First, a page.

Stinky Boy and the Scent Rule

The following article was written by my buddy Jeremy Harrill. He's a wildlife officer and founder of Heart of a Sportsman ministries. Enjoy!


Stinky Boy and the Scent Rule


I was sitting in my hunting blind when I heard what I thought was that familiar sound. The crunch of leaves and twigs under the hoof of a deer. I readied my bow and prepared myself to draw. I sat there for several minutes and finally decided that because it was still very early in the season my ears had not yet been fully calibrated to detect the sounds of woodland critters. The curiosity killed me, so I quietly leaned forward to take a peek out the side window of the blind. BUSTED!!! There she was, a big, fat doe peering into the blind where I sat. I don’t know who was more surprised, she or I. I could almost see my reflection in her big, brown glossy eyes. She nearly tripped over her own hooves as she ran away. The last thing I saw was her long white tail waving back and forth. As she faded into the forest, she made a loud blowing noise as if to tell all the other deer that stinky man in the camo tent-thingy was in the woods. I was quickly reminded of one of deer hunting’s biggest rules: the scent rule. I was reminded again a week or so later when I heard another deer blowing after it winded me. As it ran off blowing, reminding all that lived in the forest that “stinky boy” was back; I couldn’t help but drop my head in frustration.

We hunters stink! We literally stink. A deer’s nose is hundreds of times better at detecting scent than a human’s nose is. There are those that say that deer hunting is not fair and I would agree. God gave deer such a good sniffer that it is not at all fair to the hunters that pursue them. All hunters sooner or later learn about the scent rule. The sooner we learn it, and what to do about it, the sooner we can get down to the business of filling our freezers.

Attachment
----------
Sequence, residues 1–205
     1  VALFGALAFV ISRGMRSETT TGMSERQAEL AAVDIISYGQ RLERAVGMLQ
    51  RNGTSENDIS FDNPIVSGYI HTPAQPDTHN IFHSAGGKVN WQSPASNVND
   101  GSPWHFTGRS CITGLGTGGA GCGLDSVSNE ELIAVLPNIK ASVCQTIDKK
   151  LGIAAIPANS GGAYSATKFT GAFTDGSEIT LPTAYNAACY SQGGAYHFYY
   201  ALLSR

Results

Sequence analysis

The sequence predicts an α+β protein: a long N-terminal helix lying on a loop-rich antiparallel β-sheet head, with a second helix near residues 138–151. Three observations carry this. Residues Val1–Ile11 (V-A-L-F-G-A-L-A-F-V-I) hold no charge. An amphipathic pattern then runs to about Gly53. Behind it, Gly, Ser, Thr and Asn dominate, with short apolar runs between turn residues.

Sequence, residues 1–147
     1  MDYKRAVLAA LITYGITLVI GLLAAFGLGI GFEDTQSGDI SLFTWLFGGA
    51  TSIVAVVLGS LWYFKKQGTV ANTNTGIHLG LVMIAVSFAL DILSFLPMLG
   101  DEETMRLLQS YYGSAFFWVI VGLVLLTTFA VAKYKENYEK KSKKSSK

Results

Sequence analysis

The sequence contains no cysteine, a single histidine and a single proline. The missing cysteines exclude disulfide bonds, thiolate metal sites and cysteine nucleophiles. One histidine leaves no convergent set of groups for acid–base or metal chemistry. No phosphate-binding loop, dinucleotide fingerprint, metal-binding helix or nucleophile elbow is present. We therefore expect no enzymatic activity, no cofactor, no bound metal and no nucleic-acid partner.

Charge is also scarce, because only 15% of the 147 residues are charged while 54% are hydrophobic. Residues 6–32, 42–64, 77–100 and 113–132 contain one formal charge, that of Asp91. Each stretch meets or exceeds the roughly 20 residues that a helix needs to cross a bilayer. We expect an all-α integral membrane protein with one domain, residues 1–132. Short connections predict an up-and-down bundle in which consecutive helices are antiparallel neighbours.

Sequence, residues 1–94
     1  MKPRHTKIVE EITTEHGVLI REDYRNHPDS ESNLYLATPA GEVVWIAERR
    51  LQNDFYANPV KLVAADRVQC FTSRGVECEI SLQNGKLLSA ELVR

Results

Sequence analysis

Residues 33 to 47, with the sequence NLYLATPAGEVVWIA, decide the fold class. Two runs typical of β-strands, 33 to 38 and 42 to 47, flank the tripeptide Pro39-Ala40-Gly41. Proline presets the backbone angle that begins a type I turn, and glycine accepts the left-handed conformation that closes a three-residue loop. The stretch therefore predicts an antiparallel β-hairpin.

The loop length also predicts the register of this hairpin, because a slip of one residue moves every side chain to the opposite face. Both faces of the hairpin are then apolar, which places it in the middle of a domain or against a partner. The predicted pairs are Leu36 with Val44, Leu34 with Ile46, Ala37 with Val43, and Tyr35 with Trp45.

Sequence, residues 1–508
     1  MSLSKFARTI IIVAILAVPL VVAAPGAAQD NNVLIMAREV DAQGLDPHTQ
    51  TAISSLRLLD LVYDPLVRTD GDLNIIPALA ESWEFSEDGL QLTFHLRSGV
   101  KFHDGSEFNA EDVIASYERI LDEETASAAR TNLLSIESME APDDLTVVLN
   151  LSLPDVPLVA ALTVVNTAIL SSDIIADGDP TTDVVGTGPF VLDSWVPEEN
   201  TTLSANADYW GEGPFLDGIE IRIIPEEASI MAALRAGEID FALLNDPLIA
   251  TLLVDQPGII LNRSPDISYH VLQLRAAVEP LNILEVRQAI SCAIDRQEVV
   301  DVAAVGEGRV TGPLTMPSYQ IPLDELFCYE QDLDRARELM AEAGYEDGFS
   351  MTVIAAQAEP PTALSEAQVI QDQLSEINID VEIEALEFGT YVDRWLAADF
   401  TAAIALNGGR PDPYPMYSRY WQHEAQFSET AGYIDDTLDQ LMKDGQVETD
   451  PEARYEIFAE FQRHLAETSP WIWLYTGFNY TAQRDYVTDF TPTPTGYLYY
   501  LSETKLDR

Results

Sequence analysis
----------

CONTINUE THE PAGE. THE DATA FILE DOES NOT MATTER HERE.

Hunters try to pull the wool over the deer’s nose, so to speak, by using a variety of products to eliminate or cover our scent. Each year hunters spend millions of dollars on gels, powders, wafers, drips and sprays containing everything from earth scent to fox pee. We rub on these scents and secretions in our quest to outsmart the nose of a deer and hopefully get within range of a big buck. We wash our bodies in special soaps. We buy dryer sheets that smell like dirt. And it’s of vital importance to wash our hunting attire in a detergent that eliminates our human foulness.

After that second deer winded me, while I was vowing under my breath to get even, I couldn’t help but think about sin and how sin stinks up our lives. Sin hurts us, and others, it wreaks havoc in our lives and our world, and most of all sin’s putrid fragrance taints our lives by separating us from God. However, just like there’s a solution to the scent problem in deer hunting, there’s a solution to the stench of sin in our lives too. Fortunately for us, God loved us so much that he gave us a solution in His son Jesus Christ. Jesus shed his blood to save us from our sins. The Bible tells us that “love covers a multitude of sins,” and I can’t think of any greater love than the love that Jesus displayed for us on the cross. Therefore, to cover up sin’s terrible odor one must accept God’s gift of his son, Jesus. Once someone becomes a believer asking Jesus to be Lord and Savior of their life, God surely smiles when He takes a wiff of their new lives. 2 Corinthians 2:15 even says “for to God we are the fragrance of Christ.”

If you don’t know Him already, become friends with the greatest hunting companion one could ask for – Jesus. If you are already a follower or Christ, thank him the next time you are spraying on some type of cover scent or washing your camo preparing it for the next hunt. I just bet if you think about it long enough, you’ll even hear that old hymn playing in your mind. “Are you washed in the blood of the Lamb, are your garments spotless, are they white as snow, are you washed in the blood of the Lamb.” I’ll never hear, or sing that song the same way again.

Jeremy B. Harrill

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